As spring 2009 approached, disarray reigned at Merrill Lynch Wealth Management’s La Jolla, Calif., office: Its long-time manager had just left; a million-dollar producer had exited too; the economy and markets were still struggling. And in the press, Merrill was being severely thrashed for paying bonuses to top executives — after a 2008 loss of billions and the firm’s near-collapse.
Who better to stabilize the La Jolla branch than a former U.S. Navy fighter pilot and veteran of the Persian Gulf War air attack, Operation Desert Storm?
After 15 years of active duty, Tom Lawson had retired in 1993. For his second career, the Naval commander chose financial services, spending seven years at Merrill and rising to La Jolla complex sales manager. In March 2009, after nine years at Smith Barney, he returned to Merrill — and La Jolla. His mission: Get the branch office back up to speed — and then some.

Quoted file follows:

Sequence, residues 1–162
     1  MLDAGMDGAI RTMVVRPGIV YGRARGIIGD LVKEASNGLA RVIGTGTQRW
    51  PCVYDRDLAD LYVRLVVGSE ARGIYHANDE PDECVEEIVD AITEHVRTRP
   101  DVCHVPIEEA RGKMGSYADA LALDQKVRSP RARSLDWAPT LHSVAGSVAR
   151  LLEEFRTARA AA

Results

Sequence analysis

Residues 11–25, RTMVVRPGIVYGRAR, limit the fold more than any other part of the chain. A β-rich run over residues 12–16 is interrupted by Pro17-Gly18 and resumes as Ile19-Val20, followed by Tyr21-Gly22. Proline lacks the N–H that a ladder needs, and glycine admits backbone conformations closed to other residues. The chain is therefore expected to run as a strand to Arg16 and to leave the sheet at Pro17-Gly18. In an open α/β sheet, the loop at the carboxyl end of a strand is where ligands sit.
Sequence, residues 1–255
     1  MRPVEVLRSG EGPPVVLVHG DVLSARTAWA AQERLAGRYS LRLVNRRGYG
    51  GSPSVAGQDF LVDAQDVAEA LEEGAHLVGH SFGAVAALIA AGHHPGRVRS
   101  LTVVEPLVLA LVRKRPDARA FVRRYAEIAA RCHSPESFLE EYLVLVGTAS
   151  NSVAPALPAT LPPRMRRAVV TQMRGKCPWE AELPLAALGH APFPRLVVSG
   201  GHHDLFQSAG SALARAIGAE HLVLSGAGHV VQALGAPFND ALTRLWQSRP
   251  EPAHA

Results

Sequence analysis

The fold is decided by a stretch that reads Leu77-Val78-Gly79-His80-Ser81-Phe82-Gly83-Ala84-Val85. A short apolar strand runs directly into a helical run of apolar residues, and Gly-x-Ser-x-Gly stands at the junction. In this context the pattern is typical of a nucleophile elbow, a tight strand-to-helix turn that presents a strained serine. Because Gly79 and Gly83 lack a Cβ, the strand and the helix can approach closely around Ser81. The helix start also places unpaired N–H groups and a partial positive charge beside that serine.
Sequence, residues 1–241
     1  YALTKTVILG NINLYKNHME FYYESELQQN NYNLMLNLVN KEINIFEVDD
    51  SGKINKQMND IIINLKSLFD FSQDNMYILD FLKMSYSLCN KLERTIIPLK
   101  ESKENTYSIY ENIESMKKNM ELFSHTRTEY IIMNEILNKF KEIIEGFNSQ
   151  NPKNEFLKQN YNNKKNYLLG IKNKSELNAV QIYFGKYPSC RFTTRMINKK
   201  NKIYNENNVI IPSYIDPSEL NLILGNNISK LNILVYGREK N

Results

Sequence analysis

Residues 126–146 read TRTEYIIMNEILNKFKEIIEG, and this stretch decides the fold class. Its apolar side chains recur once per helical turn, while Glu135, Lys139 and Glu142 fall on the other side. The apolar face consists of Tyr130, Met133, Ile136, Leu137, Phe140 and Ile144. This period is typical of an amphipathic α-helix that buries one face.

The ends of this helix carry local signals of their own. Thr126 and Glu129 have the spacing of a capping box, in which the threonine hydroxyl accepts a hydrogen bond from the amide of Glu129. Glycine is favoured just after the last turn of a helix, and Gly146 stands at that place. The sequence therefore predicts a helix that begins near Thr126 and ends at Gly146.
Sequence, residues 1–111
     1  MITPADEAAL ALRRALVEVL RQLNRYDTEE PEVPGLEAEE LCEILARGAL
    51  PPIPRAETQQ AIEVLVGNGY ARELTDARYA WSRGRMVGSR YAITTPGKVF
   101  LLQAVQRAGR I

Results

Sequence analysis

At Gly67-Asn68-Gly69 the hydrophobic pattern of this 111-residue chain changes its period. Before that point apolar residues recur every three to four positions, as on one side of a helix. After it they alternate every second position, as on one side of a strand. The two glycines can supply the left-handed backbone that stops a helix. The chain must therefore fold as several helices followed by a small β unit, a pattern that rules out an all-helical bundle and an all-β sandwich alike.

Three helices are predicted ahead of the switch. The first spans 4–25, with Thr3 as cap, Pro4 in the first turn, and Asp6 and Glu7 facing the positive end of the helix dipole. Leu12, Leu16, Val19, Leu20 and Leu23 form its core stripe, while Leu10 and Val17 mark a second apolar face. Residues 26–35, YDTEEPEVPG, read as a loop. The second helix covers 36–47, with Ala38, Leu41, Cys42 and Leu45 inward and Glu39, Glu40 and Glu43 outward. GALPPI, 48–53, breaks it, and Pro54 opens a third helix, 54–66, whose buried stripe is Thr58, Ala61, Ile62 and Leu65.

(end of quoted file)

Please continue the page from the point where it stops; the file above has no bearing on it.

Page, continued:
Tall, fit and take-charge, the resident director, who doubles as a producer, quickly disabuses a reporter of the notion that the job of combat fighter pilot is tougher than brokerage branch manager.
“Flying airplanes off carriers was much easier. I’m not joking! You have to be well versed in so many things to be a producer, and to be a manager and keep everyone out of trouble. When you’re flying off aircraft carriers, it’s just you,” says Lawson, 54, in his slight, native Texas twang.
He has indeed brought stability to the branch, leading La Jolla to a 5.5 percent increase in assets and liabilities under management, as well as a 15 percent increase in annualized assets.
Merrill, of course, has undergone a huge change since Lawson’s first stint: In 2008 Bank of America took over the firm, rescuing it from failure during the nation’s worst financial meltdown since the Great Depression.
Now Merrill Lynch is a BofA subsidiary with 950 offices nationwide, 15,000 FAs and its Global Wealth Management unit — including U.S. Trust — managing about $2.2 trillion in assets.
The Bank’s name recognition is great. But “the bull never went away!” Lawson says, with gusto. “They’re still letting us retain our own identity.”